Unless you're adapt and building electronics, I would suggest you look at the excellent Gaugemaster panel mounting controllers or their Hand Held controller - Examples are their single panel controller GMC-100 or twin track GMC-UD Hand held is GMC-HH. These all are usually feed with 16v AC at around 1.0 to 1.5Amp. But 12v DC at 1.0A or above could be used, but will result in a lower top speed. Note; Gaugemaster also sell cased mains to 16v power supplies the GMC-M1 is an example Link to GM controllers https://www.gaugemasterretail.com/magen ... 5.html?p=3 Its also worth looking on the www for Gaugemaster products and a lot of their stockiest sell these products cheaper then GM themselves!
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darkscot
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Re: Home-building control panel

#3

Post by darkscot »

I think there is a lot more to a train controller than just a variable resistor, in fact the basic models used to use a variable transformer.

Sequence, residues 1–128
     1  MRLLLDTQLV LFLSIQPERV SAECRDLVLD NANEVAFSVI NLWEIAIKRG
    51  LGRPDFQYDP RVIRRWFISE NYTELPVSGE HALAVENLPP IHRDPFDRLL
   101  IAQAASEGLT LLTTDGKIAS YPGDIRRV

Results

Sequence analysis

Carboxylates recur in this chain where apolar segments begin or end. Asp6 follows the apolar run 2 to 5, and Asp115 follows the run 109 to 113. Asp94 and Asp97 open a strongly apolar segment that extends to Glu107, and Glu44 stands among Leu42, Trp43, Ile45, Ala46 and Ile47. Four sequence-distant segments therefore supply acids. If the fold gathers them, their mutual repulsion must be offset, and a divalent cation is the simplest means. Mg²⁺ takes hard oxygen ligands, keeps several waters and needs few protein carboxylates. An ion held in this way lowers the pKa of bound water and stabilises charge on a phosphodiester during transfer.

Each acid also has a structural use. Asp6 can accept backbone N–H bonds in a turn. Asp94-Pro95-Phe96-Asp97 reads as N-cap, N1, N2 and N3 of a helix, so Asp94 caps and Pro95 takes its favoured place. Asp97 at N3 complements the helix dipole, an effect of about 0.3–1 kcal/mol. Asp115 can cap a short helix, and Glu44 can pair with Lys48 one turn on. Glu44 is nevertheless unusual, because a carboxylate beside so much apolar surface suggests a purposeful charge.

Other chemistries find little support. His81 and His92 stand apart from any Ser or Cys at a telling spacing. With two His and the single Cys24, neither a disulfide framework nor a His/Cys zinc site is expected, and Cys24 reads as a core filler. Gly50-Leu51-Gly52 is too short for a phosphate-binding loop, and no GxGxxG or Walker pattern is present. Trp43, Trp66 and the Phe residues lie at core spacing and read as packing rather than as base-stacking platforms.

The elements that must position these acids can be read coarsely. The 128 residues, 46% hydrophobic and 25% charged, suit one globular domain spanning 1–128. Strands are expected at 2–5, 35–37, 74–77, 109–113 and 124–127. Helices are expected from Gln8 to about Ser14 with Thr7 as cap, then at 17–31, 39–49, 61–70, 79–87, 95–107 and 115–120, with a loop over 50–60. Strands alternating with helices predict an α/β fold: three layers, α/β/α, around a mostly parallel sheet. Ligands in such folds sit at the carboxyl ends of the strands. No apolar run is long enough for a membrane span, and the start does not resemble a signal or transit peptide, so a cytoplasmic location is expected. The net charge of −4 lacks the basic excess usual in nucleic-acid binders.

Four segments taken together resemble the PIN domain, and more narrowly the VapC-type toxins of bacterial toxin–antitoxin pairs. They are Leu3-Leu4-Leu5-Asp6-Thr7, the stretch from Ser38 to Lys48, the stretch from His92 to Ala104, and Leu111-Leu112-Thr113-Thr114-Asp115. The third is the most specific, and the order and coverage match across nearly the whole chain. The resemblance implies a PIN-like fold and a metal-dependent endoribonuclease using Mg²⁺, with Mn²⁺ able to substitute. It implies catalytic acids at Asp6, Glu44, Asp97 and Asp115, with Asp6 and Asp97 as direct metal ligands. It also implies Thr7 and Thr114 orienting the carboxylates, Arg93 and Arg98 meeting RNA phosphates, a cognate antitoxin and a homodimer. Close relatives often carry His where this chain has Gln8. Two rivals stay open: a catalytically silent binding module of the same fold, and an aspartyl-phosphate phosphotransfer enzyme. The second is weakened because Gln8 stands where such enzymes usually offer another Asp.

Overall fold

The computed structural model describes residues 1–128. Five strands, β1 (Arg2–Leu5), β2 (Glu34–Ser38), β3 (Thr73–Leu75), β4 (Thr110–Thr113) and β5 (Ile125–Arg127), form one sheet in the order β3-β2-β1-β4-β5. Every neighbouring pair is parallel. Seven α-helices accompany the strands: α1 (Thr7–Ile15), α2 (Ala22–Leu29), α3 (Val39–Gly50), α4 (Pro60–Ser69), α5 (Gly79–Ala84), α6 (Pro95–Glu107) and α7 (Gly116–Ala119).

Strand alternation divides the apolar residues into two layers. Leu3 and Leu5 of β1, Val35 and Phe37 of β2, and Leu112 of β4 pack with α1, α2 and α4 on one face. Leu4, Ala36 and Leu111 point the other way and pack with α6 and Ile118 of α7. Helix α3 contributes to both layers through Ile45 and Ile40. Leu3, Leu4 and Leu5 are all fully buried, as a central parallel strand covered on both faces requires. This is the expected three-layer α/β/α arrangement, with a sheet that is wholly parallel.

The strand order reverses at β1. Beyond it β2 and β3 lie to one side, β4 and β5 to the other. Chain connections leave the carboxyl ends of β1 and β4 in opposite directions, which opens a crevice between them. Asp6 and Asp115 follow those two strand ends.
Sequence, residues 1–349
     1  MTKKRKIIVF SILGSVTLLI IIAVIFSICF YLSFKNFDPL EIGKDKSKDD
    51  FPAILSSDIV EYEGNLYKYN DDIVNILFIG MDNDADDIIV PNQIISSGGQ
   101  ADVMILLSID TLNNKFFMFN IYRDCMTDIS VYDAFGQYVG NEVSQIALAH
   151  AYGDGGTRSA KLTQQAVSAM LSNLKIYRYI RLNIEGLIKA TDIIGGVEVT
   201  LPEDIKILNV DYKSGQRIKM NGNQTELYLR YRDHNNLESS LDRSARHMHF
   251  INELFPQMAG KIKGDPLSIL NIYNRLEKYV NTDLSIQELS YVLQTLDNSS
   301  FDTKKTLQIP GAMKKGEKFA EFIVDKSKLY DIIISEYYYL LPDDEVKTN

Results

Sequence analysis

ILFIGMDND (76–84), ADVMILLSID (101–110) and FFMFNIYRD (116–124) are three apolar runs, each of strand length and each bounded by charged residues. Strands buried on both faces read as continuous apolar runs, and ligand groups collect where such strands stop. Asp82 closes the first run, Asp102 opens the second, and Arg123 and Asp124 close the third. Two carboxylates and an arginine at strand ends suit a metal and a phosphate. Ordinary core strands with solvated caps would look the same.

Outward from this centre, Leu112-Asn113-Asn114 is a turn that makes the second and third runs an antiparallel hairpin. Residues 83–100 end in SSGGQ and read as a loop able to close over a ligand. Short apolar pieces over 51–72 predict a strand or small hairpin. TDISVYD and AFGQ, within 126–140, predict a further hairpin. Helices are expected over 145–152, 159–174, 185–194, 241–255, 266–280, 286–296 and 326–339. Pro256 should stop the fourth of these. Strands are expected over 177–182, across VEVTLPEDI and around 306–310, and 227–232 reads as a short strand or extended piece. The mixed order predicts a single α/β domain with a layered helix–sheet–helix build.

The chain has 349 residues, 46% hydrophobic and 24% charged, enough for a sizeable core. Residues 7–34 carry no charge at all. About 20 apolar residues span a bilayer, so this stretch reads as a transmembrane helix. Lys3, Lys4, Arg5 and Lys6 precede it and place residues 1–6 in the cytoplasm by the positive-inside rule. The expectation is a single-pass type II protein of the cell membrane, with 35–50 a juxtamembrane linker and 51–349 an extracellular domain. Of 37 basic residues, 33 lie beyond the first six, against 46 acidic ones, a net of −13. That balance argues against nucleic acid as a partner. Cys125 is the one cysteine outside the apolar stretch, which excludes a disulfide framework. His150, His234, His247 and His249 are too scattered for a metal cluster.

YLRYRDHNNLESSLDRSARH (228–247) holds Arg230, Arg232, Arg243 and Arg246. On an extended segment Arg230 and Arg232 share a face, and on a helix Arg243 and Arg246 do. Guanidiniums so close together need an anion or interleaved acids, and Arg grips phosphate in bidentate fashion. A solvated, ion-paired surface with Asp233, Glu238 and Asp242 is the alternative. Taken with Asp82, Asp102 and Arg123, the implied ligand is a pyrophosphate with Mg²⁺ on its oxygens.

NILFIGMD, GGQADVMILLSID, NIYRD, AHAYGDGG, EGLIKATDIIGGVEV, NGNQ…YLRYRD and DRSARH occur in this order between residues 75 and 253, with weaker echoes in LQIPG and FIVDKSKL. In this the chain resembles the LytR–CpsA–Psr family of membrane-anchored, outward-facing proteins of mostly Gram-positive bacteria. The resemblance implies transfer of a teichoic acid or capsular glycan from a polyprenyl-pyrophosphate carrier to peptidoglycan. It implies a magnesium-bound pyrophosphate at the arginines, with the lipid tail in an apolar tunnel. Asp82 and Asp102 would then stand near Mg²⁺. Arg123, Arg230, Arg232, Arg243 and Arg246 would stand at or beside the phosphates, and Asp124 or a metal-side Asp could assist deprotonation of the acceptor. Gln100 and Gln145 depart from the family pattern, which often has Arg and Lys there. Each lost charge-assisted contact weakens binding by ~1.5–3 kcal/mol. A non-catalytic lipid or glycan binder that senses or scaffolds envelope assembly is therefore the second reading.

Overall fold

I was looking for a replacement DC controller recently and stumbled upon the site below:

https://www.scottpages.net/ReviewOfControllers.html
Many times the wrong train took me to the right place.
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Rog (RJ)
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Re: Home-building control panel

#4

Post by Rog (RJ) »

Because of the amount of current that a model loco motor takes, a simple potentiometer cannot be used as it would burn out but you can use the pot to control a transistor (for example) which would then send power to the layout.
Ninemil
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Re: Home-building control panel

#5

Post by Ninemil »

Wow, I'm impressed!
Seriously, three great replies and my question hasn't even been on here for an hour yet.

I take all your points and have just taken a look at those Gaugemaster controllers. The panel mounted ones are pretty neat!

Thanks everyone!
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Brian